Osteoporosis, the degenerative bone disease, affects 30% of women and 10% of men aged 50 and over. This disease eats away at all the bones that make up the skeleton. People who suffer from it are subject to significant fractures following a mild shock. In case of neglect and non-treatment of this disease, other injuries, or even a loss of autonomy, can occur.
What characterizes osteoporosis
Osteoporosis is manifested by the breakdown of bone tissue, causing bone weakening in the long term. Although this bone disease mainly affects seniors, it can occur at any age.
Because osteoporosis weakens bones, even simple actions can cause a fracture. This is for example the case of a simple bend of the back to pick up an object on the ground or a small fall. The bone stressed or having suffered the shock can then crack and / or break. In most cases, osteoporosis causes fractures of the shoulder, vertebrae, wrist and hip. In Canada, these fractures, particularly those of the hip, cause disability and premature death. Treatment for osteoporosis is also costly to the Canadian health care system.
Distinguishing signs of osteoporosis
Bones gradually lose their minerals, making them particularly brittle and prone to fractures. The latter most often concern the spine, hip, shoulder and wrist.
Light movements such as a simple stretch, back curvature, sneezing or coughing can cause a fragile fracture spontaneously. This type of fracture also occurs following a mild trauma such as a fall to a low height or a simple trip.
Age makes us lose a few centimeters of our original size. If, however, this loss of height exceeds 2 cm, health professionals can prescribe more advanced examinations to the patient. Indeed, this loss of size can mean a vertebral fracture. An X-ray is usually enough to detect this type of fracture. If this happens, the patient is at significant risk of fractures. Treatment for osteoporosis is then necessary to remedy it, regardless of the result of the BMD test.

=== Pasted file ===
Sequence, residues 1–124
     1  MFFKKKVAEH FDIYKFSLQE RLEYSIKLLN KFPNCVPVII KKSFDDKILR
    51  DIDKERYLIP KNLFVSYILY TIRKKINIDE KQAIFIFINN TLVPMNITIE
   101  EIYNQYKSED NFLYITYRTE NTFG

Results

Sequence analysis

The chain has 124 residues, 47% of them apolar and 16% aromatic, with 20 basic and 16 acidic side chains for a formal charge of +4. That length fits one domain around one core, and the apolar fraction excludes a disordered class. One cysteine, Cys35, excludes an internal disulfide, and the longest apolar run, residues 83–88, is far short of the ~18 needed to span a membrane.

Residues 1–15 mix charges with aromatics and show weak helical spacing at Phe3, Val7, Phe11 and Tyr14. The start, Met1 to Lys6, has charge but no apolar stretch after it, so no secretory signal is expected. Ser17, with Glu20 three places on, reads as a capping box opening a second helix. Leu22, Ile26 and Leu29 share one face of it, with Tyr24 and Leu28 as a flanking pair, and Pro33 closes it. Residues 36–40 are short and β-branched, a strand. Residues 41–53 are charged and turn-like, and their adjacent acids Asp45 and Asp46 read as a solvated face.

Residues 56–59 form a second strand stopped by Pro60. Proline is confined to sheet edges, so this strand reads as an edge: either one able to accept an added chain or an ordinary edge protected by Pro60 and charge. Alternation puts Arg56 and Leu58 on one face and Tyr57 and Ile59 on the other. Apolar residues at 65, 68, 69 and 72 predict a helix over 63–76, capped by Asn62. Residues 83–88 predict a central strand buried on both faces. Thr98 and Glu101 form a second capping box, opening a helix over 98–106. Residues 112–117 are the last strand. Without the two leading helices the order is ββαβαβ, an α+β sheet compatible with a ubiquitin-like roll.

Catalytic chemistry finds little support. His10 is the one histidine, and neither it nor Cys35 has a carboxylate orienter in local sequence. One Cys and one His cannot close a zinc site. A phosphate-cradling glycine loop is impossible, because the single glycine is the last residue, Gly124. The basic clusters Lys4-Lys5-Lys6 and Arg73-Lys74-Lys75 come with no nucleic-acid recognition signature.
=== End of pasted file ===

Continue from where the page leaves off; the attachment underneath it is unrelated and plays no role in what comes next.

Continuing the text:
Factors of osteoporosis
As the human body grows, bone mass could increase until it reaches maximum mass. In humans, the latter remains at its peak for about 20 years, then gradually decreases by 0.5 to 1% per year. Women may experience a decrease in bone mass before menopause, at a rate of 1 to 2% per year for 8 to 10 years. This decrease usually slows down when bone mass is at the same stage as in humans.
The loss of bone mass does not always cause fractures in all subjects. Some people suffer more than others, especially patients with very low bone mass. Osteoporosis worsens over the years and its risk factors are multiple. These risk factors include, for example, age, genetics, lack of physical activity, vitamin and calcium deficiencies, alcoholism, smoking, anorexia, certain pathologies and menopause. Some osteoporosis inducing treatments can also increase the risk of fractures.
This disease causes bone fragility and osteoarthritis, but the risk of fracture is not the same in all subjects.
The different manifestations of osteoporosis
Classified as a silent epidemic, osteoporosis does not prevent. Bone mass gradually decreases even in the absence of any signs alerting the patient. The first symptom does not appear until a few years later.
The most common signs of osteoporosis include:
- Back and cervical pain;
- A reduced size of several centimeters;
- A hunched posture.
How to treat osteoporosis?
This incurable disease can be relieved by different means. Current physiotherapy treatments aim to strengthen bones in general.
Call on physiotherapists to treat you!
At Physio + Hamel, you are entitled to an adapted treatment to treat your osteoporosis. Physiotherapists provide you with the care you need to relieve your symptoms.
Make an appointment online for a consultation to begin your health journey.